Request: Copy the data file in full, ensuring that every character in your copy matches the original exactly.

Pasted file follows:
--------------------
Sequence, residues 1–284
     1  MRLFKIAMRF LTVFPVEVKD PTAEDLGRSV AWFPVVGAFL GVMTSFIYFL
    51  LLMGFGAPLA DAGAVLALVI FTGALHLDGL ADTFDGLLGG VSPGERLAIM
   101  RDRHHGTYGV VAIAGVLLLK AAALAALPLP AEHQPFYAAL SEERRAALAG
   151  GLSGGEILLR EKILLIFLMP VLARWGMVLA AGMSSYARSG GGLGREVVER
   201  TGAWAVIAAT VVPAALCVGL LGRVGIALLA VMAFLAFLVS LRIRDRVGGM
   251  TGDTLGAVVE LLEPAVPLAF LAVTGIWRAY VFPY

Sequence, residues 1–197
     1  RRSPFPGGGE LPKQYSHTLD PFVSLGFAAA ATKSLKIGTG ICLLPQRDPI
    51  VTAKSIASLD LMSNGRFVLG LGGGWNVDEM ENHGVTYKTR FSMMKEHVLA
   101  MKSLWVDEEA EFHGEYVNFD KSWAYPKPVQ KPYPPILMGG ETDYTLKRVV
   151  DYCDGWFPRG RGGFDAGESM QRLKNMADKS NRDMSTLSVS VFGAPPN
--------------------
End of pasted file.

Sequence, residues 1–284
     1  MRLFKIAMRF LTVFPVEVKD PTAEDLGRSV AWFPVVGAFL GVMTSFIYFL
    51  LLMGFGAPLA DAGAVLALVI FTGALHLDGL ADTFDGLLGG VSPGERLAIM
   101  RDRHHGTYGV VAIAGVLLLK AAALAALPLP AEHQPFYAAL SEERRAALAG
   151  GLSGGEILLR EKILLIFLMP VLARWGMVLA AGMSSYARSG GGLGREVVER
   201  TGAWAVIAAT VVPAALCVGL LGRVGIALLA VMAFLAFLVS LRIRDRVGGM
   251  TGDTLGAVVE LLEPAVPLAF LAVTGIWRAY VFPY

Sequence, residues 1–197
     1  RRSPFPGGGE LPKQYSHTLD PFVSLGFAAA ATKSLKIGTG ICLLPQRDPI
    51  VTAKSIASLD LMSNGRFVLG LGGGWNVDEM ENHGVTYKTR FSMMKEHVLA
   101  MKSLWVDEEA EFHGEYVNFD KSWAYPKPVQ KPYPPILMGG ETDYTLKRVV
   151  DYCDGWFPRG RGGFDAGESM QRLKNMADKS NRDMSTLSVS VFGAPPN